SINGLETON, PHILLIP (?–?). On August 19, 1824, Phillip Singleton, one of Stephen F. Austin's Old Three Hundred colonists, received title to a league of land at the mouth of Yegua Creek on the west bank of the Brazos River in what is now southeastern Burleson and northeastern Washington counties. The census of March 1826 classified him as a farmer and stock raiser aged between forty and fifty. His household included his wife, Susanna (Walker), two sons, and three daughters. In 1828–29 Singleton settled on the north side of Buffalo Bayou and built a log house that was afterwards bought by Lorenzo de Zavala and became Zavala's first home in Texas.
Image Use Disclaimer
All copyrighted materials included within the Handbook of Texas Online are in accordance with Title 17 U.S.C. Section 107 related to Copyright and “Fair Use” for Non-Profit educational institutions, which permits the Texas State Historical Association (TSHA), to utilize copyrighted materials to further scholarship, education, and inform the public. The TSHA makes every effort to conform to the principles of fair use and to comply with copyright law.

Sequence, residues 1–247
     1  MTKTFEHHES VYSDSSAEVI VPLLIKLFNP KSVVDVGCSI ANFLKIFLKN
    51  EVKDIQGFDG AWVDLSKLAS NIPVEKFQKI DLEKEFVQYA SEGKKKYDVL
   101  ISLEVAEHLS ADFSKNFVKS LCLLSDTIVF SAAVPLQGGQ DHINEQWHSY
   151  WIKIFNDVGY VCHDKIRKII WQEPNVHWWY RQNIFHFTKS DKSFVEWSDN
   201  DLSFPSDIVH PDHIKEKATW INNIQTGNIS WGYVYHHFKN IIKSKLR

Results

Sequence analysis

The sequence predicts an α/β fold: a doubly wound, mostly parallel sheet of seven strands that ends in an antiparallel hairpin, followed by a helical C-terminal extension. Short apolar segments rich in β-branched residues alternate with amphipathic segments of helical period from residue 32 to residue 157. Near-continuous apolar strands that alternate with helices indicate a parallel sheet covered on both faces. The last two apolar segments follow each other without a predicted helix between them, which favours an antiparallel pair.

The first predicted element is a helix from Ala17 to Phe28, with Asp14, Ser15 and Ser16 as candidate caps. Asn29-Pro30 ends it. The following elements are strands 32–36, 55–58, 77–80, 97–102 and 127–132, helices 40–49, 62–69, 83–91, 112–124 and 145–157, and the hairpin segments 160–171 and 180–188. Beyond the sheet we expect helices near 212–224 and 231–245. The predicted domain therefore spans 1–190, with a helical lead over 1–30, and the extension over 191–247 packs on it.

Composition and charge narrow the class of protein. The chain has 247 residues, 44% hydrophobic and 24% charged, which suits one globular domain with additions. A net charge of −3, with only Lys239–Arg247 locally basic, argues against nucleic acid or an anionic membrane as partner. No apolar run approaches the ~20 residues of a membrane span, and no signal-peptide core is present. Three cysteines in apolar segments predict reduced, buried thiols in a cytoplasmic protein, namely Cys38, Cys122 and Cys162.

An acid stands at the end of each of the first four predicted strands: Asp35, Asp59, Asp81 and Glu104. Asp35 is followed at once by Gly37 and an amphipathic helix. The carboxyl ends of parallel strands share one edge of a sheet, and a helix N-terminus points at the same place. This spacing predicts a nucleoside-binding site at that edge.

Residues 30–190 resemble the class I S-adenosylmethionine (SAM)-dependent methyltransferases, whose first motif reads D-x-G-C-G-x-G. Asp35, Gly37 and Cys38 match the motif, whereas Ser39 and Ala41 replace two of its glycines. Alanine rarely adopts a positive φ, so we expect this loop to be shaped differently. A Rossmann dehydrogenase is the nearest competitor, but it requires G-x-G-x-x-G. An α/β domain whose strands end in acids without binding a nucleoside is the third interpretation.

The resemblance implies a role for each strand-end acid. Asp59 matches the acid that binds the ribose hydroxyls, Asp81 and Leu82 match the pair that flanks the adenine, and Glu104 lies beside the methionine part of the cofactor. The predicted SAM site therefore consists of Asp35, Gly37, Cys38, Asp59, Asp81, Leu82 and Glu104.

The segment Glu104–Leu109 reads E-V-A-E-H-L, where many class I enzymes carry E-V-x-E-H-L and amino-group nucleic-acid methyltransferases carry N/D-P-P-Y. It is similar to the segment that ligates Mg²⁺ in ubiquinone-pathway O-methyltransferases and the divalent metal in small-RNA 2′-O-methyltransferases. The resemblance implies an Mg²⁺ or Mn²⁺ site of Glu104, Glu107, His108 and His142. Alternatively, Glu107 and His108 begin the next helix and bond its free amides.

For more information go to: http://www.law.cornell.edu/uscode/17/107.shtml
If you wish to use copyrighted material from this site for purposes of your own that go beyond fair use, you must obtain permission from the copyright owner.
The following, adapted from the Chicago Manual of Style, 15th edition, is the preferred citation for this article.Handbook of Texas Online, "SINGLETON, PHILLIP," accessed August 04, 2020, http://www.tshaonline.org/handbook/online/articles/fsi30.
Uploaded on June 15, 2010. Published by the Texas State Historical Association.